The result of Hailey's professional industry has been a clutch of screenplays ("a film takes a year of your life and a year out of your life") and a steady steam of best-selling novels: "The Final Diagnosis" (1959), "In High Places" (1962), "Hotel" (1965), "Airport" (1968), "Wheels" (1971), "Promises to Pay" (1974), "The Moneychangers (1975) and "Overload" (1979). Almost all have been international best-sellers, and Hailey has been translated into more than 30 languages.

He is a meticulous researcher who usually spends about a year boning up on his subject, several weeks preparing "a plan" for the book, and another year or more writing and rewriting. "I bleed when I write, I always have."

Although the reading public has been enthusiastic, critics have often been less than kind to Hailey.

"His characters swarm through the book like bores at a cocktail party," said the New York Times of "The Money Lenders." Hailey, who says his personal literary heroes are Somerset Maugham and Herman Wouk, shrugs off such criticism. "All I want them to write on my tombstone is: He Was A Good Storyteller.' "

After the publication of "Overload," Hailey announced his retirement, saying he planned to devote his time to fishing - a power cruiser is parked in the canal beside his house - and his family. He has six children, three by each marriage, and two grandchildren. It is, he says, a close family.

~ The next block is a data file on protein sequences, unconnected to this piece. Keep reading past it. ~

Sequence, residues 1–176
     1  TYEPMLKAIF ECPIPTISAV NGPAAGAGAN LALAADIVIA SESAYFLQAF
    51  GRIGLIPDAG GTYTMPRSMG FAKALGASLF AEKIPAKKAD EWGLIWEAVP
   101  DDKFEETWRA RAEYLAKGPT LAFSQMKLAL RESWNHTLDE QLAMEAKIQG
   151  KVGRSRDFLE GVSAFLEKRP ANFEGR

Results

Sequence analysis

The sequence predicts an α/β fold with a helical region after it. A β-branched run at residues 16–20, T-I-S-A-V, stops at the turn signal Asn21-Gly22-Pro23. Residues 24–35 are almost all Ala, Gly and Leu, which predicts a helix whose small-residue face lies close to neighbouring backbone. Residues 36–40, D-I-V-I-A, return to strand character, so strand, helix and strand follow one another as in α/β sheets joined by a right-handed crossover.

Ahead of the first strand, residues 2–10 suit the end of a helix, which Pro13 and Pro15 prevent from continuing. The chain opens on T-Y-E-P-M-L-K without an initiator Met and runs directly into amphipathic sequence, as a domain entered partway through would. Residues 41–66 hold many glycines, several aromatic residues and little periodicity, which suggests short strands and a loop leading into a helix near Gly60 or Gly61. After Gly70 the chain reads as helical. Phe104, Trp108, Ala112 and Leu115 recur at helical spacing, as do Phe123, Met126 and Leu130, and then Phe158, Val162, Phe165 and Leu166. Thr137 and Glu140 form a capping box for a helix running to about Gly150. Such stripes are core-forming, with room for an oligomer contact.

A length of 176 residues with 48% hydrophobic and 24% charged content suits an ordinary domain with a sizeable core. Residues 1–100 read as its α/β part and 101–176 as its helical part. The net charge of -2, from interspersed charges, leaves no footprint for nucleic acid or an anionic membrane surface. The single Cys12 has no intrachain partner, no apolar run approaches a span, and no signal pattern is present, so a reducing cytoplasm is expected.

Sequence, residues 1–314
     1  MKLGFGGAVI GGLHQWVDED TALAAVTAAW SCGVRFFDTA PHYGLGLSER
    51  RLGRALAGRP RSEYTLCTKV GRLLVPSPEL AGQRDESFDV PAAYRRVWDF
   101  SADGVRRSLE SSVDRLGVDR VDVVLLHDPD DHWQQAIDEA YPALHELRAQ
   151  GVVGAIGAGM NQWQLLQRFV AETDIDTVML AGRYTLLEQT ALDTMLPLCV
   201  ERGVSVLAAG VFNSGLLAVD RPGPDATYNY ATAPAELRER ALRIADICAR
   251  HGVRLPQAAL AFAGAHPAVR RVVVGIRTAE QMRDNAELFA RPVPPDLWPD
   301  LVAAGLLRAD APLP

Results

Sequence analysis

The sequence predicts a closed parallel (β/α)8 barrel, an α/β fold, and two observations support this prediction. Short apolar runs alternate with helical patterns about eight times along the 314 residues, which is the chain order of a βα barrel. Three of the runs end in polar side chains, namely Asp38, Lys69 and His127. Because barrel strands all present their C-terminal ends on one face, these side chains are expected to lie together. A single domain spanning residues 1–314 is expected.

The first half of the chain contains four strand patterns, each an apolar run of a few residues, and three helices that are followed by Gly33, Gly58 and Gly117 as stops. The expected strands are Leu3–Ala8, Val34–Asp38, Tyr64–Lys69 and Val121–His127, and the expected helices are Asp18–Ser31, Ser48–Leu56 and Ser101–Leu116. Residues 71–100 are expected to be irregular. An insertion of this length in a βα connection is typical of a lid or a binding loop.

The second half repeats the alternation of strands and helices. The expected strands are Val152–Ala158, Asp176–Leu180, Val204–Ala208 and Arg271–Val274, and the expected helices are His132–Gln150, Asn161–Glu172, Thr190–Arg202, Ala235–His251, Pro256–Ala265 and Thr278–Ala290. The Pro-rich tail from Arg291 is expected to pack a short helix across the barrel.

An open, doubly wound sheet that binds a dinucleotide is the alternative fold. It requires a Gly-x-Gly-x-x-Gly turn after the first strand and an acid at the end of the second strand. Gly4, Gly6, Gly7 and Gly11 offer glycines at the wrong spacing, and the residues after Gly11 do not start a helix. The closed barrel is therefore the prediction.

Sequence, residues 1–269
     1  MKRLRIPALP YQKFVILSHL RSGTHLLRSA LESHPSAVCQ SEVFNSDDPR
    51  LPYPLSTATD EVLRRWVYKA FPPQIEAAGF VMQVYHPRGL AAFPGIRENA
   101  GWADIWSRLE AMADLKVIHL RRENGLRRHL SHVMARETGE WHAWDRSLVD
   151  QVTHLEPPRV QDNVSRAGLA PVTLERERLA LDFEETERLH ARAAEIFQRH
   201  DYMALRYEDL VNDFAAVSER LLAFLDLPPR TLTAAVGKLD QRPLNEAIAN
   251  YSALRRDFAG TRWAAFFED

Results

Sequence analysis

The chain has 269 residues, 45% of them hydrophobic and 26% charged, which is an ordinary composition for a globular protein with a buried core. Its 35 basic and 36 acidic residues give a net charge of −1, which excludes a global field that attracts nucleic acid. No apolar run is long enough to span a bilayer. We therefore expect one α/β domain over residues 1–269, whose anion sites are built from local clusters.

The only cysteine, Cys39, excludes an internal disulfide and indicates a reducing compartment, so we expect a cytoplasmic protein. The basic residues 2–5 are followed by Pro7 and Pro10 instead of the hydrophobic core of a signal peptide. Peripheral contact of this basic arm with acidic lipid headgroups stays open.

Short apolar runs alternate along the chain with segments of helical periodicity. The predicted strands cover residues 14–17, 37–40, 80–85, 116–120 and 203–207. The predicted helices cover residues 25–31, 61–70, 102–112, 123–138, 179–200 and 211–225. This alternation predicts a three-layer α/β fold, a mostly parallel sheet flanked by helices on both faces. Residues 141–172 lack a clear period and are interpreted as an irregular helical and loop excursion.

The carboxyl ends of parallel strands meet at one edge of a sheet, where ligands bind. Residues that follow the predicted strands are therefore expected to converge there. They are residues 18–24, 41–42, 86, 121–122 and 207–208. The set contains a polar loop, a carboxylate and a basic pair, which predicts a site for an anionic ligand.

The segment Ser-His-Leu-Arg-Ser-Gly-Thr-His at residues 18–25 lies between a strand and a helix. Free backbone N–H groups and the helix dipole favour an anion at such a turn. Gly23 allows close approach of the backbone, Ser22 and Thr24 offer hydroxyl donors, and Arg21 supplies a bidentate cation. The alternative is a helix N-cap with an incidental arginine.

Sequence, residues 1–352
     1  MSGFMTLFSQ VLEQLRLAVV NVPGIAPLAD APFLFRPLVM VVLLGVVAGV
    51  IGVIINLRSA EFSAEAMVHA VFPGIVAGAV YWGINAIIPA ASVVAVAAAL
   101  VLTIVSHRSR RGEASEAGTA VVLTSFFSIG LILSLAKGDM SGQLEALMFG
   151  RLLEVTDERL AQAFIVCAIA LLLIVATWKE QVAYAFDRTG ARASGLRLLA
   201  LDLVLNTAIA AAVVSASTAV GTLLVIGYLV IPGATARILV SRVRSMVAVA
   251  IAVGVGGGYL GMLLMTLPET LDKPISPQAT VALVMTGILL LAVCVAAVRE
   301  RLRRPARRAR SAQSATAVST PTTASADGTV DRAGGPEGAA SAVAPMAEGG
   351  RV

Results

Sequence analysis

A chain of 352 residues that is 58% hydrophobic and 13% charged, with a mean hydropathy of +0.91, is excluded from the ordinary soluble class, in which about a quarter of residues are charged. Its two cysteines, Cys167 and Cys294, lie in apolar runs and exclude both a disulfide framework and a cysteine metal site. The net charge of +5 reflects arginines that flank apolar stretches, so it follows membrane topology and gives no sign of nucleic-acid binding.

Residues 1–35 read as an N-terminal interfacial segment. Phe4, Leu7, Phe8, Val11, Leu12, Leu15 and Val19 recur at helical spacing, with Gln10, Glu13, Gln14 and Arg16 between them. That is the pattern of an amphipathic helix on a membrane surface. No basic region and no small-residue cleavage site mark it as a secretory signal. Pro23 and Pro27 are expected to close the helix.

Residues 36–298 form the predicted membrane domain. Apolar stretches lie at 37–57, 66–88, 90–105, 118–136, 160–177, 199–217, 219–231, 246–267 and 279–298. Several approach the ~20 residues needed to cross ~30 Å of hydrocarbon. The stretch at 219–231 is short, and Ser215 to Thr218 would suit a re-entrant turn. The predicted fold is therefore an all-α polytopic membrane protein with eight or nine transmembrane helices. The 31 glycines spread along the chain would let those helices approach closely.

What brought him out of retirement was, of all things, heart surgery. In 1980, when a routine checkup revealed a clogged artery, he had a quadruple bypass at a Houston hospital. "After the operation I felt so much more energetic, I decided to go back to work." His current project is now in the writing stage, the complex and character-studded plan for it covering 54 typewritten pages. It is an in-depth industrial expose of the kind Hailey now has a virtual patent on; this time the target is the pharmaceutical industry.

Hailey works in a remarkably uncluttered, six-sided study adjacent to, but set apart from, the rest of the house. Aside from encyclopedias and a few reference works, the walls are lined from floor to ceiling with various editions of his books. "We are running out of shelf space," he notes with satisfaction. On his desk is a carving of a kiwi, New Zealand's nonflying national bird. "The kiwi eats 600 worms a day," he said, "and I write 600 words a day."